Web scalability tenets
Let us look at the various tenets of Web scalability, in a nutshell (Figure 6).
According to publicly available data from the ‘state-of-the-web’ repository, that scanned over 6 million desktop Web apps and 7 million mobile apps, the following are the salient observations:
1. The average number of requests per page is 73 – quite a large number.
2. Only one-third of the Web pages are still in legacy http-1.1. Others have moved to http2.
3. Average connections per page are 13, which are more than six (the browser limit for http1.1).
4. Compression of the response is commonplace at the server side; the browser handles the decompression as per the HTTP protocol support.
To demonstrate this further, let’s look at some of the familiar websites we often use (Figure 7).
One way people tackle the sluggish response time is by hosting the content servers across the globe using some CDN (content delivery network), e.g., Akamai (or any cloud vendor).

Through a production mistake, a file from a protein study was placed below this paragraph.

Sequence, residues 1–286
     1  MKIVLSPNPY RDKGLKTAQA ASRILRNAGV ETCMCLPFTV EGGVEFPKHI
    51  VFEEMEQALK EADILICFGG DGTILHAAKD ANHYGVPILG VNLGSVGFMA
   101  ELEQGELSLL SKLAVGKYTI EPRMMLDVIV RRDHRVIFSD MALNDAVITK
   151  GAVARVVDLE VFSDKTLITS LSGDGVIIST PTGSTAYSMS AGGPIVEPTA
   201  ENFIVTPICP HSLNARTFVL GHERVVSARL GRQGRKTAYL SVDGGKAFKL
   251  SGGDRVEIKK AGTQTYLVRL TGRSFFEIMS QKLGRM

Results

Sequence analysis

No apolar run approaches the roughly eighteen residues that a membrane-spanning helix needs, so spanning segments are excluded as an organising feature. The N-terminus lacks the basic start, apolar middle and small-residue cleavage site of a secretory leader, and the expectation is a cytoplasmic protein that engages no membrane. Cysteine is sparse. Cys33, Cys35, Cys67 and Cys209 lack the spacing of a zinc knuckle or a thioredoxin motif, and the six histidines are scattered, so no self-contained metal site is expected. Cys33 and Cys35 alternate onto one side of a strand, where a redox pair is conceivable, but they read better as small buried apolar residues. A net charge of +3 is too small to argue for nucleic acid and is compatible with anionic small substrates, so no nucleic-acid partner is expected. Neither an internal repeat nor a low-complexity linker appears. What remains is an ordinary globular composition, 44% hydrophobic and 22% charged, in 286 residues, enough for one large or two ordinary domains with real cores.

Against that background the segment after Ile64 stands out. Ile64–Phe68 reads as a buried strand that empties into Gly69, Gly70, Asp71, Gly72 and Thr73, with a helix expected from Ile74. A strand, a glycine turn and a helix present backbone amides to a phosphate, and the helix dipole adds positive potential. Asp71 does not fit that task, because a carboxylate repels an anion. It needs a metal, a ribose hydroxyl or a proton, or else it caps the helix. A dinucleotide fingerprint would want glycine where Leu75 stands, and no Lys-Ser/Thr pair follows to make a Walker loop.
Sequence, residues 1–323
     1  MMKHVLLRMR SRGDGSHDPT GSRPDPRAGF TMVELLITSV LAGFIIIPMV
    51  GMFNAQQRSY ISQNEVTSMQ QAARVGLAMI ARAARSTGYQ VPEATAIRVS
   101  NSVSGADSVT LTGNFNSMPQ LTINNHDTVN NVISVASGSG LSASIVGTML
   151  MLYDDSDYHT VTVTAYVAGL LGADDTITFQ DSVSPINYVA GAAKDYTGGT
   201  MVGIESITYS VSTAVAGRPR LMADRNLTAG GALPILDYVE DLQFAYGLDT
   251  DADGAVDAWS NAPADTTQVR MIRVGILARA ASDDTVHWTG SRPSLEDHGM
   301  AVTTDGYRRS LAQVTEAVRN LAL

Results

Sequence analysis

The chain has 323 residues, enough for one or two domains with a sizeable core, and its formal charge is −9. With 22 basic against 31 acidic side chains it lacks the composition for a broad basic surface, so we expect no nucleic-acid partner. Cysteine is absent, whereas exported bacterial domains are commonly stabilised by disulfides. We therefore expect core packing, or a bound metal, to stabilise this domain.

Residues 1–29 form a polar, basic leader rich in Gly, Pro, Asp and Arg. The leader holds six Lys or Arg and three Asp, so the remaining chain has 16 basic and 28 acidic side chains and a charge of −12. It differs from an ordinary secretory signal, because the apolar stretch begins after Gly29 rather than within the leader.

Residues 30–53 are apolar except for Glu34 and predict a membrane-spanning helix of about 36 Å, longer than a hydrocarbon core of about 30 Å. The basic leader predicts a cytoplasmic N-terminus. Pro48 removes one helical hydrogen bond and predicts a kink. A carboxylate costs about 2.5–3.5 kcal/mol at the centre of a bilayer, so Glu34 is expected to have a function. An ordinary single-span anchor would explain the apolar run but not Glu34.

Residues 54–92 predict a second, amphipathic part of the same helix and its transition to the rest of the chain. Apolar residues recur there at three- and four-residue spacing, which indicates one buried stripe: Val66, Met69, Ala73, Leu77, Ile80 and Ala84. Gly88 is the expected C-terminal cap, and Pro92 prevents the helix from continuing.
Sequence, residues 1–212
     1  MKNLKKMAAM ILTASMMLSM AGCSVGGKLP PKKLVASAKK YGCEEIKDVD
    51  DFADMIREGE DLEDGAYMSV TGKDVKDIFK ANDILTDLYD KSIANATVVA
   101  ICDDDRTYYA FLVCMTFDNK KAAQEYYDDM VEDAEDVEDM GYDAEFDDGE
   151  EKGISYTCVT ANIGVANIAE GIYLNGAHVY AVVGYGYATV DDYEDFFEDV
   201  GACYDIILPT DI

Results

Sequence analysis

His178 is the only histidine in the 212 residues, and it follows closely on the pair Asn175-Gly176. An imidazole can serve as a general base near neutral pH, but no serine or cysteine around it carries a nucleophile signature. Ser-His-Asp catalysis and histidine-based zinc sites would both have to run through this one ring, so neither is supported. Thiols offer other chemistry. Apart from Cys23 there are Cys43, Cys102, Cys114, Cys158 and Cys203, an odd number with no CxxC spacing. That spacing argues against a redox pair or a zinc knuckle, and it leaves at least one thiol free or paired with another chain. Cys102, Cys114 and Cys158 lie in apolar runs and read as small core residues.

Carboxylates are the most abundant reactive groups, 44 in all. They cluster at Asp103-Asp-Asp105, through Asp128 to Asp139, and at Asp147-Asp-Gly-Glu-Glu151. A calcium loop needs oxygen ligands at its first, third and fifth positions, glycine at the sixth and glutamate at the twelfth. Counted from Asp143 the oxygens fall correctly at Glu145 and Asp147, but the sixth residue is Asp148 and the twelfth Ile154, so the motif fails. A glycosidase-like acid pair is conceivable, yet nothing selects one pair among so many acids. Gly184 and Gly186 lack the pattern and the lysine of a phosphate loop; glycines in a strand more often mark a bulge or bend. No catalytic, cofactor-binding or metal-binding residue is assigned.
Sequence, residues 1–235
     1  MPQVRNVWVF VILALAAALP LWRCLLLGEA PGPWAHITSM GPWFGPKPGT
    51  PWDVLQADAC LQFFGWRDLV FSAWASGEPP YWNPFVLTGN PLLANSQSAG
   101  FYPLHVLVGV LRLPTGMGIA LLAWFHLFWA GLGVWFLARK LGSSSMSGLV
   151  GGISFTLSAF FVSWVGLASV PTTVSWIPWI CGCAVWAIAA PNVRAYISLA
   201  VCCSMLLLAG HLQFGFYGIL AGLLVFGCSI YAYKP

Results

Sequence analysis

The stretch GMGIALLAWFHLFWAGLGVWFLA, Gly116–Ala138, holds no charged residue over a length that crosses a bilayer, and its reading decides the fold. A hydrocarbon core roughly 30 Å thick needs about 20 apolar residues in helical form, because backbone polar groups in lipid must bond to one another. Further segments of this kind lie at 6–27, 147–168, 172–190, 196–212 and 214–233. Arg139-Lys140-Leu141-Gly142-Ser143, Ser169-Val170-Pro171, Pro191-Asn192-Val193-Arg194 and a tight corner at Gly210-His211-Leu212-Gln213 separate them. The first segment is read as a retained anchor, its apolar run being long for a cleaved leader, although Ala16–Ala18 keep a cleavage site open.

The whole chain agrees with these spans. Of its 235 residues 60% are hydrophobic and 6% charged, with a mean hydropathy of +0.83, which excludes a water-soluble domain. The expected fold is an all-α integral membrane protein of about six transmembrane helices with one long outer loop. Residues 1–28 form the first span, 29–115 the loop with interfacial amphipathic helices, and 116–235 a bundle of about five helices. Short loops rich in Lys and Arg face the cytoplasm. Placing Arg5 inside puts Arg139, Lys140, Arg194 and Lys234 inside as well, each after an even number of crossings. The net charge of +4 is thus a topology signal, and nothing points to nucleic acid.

Http2: The following advantages of http2 protocols are seen (Figure 9):
1. Same TCP connection (20815) due to stream multiplexing.
2. Response size reduction, due to header compression
3. Impressive overall performance gain.
The series of pictures given in Figure 10 depict the advantages of http2 in a better way (Reference: https://queue.acm.org/detail.cfm?id=2555617 and https://www.igvita.com/).
TLS v1.3: This has the following advantages:
1. Better speed as one round-trip-time (RTT) is reduced by one-third in TLS v1.3.